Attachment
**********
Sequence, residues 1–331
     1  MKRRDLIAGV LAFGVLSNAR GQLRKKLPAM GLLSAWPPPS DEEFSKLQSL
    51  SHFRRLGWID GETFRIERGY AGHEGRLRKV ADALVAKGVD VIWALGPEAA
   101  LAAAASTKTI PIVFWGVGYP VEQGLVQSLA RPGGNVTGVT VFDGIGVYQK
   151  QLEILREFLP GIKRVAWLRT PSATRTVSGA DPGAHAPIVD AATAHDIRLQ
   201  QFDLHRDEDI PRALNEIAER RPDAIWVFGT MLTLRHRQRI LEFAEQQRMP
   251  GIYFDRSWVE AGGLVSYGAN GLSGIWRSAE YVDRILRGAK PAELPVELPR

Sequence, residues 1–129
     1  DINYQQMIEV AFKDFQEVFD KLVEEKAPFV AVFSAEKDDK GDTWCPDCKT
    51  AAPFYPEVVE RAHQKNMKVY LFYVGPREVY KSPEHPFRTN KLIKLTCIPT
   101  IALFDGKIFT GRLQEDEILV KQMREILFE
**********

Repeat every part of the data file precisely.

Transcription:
Sequence, residues 1–331
     1  MKRRDLIAGV LAFGVLSNAR GQLRKKLPAM GLLSAWPPPS DEEFSKLQSL
    51  SHFRRLGWID GETFRIERGY AGHEGRLRKV ADALVAKGVD VIWALGPEAA
   101  LAAAASTKTI PIVFWGVGYP VEQGLVQSLA RPGGNVTGVT VFDGIGVYQK
   151  QLEILREFLP GIKRVAWLRT PSATRTVSGA DPGAHAPIVD AATAHDIRLQ
   201  QFDLHRDEDI PRALNEIAER RPDAIWVFGT MLTLRHRQRI LEFAEQQRMP
   251  GIYFDRSWVE AGGLVSYGAN GLSGIWRSAE YVDRILRGAK PAELPVELPR

Sequence, residues 1–129
     1  DINYQQMIEV AFKDFQEVFD KLVEEKAPFV AVFSAEKDDK GDTWCPDCKT
    51  AAPFYPEVVE RAHQKNMKVY LFYVGPREVY KSPEHPFRTN KLIKLTCIPT
   101  IALFDGKIFT GRLQEDEILV KQMREILFE